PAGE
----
Social Accountability for Adolescent Sexual and Reproductive Health

  • Giri Prasad Panthi UNFPA Nepal
Keywords: Adolescent Sexual and Reproductive Health, Community Based Institutions, Citizen Awareness, Citizen Empowerment, Social Accountability, Citizen Engagement, Service delivery, Social Behavior Change

Abstract

Adolescent population of Nepal is facing health and social problems related to sexual, reproductive, behavioral and traditional social practices. Adolescent pregnancy, child marriage, unwanted pregnancies, Chhaupadhi (restrictions during menstruation and delivery), sexual- gender based violence, unsafe abortion, HIV/AIDS, drug addiction and suicide are major problems which have severe consequences in the lives of adolescents in Nepal. Addressing such daunting problems that adolescents are facing today needs holistic approach, going beyond health. Wider community support, civic engagement and social mobilizations are required to tackle the ASRH problems. Community Based Institutions (CBIs), Community Leaders and citizens have obligations to respond to the problems related with service delivery and ending harmful practice as a social accountability for protection, fulfill and upholding the rights of adolescents. In this context, the objective of this study is assess awareness and engagement capacity of citizens for addressing adolescent sexual and reproductive health problems as a social accountability in Baitadi District of Nepal. Descriptive and analytical research design were used to assess the level of awareness and empowerment from the citizen’ perspectives. A total of 337 respondents affiliated with the five different types of community based institutions (CBIs) were interviewed using structured questionnaire for data collection and data analysis was done by using SPSS version 16.0. The preliminary results of the study reveals that majority of citizens were aware and informed about SRH problems of adolescents, citizens perceived that child-marriage (15%) is the main issue of adolescents in the community followed by Gender Based Violence (13.4%) and adolescent pregnancy (12.7%) among others. The study reveals that citizens belonging to rural areas have more citizen, actions on preventing child marriage; awareness level was higher among citizens from Non-Dalit communities than in Dalit communities. Further, 59.9 percent citizens feel confident to talk about sexual-reproductive health services related concerns in the meeting whereas 32.6 percent citizens perceived that they are hesitant to speak on SRH issues. Similarly, nearly half of the citizens perceived that they were not capable of deciding freely to talk about SRH related issues in the meeting. Only 61.1 percent citizens feel confident to claim for access to quality health service as their fundamental rights from public health facilities. The study concluded that majority of citizens affiliated with Community Based Institutions were aware about characteristics and Sexual and Reproductive Health issues of adolescent population at their communities. However, still a sizeable citizen felt less confident to use their individual agency to decide freely, speaking up against existing traditional norms and shown less confident in claiming Sexual and Reproductive health service as rights. The study revealed that citizen’s accountability capacity is inadequate for tackling adolescent sexual and reproductive health service provision and social behavior change at the community level and therefore this calls for the dire needs to build the capacity of vanguard citizens to contribute to improving adolescents sexual and reproductive health status.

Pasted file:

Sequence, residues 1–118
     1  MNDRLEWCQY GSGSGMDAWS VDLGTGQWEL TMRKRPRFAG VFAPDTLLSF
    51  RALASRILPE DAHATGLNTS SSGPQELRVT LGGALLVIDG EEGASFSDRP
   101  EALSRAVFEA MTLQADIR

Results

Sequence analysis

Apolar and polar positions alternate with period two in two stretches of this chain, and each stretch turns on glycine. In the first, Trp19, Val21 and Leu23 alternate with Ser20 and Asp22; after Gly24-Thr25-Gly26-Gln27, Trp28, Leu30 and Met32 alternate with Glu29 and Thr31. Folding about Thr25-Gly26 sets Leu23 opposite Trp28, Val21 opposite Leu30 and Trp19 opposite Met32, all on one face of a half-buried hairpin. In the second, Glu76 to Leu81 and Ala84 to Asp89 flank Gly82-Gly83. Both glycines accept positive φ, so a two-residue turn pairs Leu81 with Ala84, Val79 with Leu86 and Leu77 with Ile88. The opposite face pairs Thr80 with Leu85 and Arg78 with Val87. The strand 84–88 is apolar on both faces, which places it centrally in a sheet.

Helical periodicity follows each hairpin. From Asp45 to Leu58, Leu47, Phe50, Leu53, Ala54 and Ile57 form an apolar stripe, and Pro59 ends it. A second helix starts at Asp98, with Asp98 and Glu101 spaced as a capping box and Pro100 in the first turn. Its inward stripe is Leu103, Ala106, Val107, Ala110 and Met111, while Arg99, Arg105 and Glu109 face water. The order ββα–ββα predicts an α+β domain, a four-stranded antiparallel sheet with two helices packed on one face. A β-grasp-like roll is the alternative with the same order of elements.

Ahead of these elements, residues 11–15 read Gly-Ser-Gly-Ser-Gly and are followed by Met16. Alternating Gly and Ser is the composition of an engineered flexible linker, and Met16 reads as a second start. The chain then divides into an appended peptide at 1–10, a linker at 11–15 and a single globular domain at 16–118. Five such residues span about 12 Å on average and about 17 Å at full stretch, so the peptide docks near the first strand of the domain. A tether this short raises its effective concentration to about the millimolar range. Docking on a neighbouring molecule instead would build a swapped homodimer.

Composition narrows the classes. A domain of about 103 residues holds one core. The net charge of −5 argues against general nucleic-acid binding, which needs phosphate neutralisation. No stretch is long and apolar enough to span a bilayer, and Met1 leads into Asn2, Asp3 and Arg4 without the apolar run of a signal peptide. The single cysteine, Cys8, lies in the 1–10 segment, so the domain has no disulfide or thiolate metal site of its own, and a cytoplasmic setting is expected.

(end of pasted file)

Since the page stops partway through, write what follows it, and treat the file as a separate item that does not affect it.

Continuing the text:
Himalayan Journal of Sociology & Anthropology - Vol. VII (2016), page: 13-39

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Author Biography

Giri Prasad Panthi, UNFPA Nepal

 Regional Development Coordinator at UNFPA Nepal. Ph.D. Scholar of Sociology at Singhania University, Rajasthan, India

Published
2017-04-12
How to Cite
Panthi, G. (2017). Social Accountability for Adolescent Sexual and Reproductive Health. Himalayan Journal of Sociology and Anthropology, 7, 13-39. https://doi.org/10.3126/hjsa.v7i0.17149
Section
Articles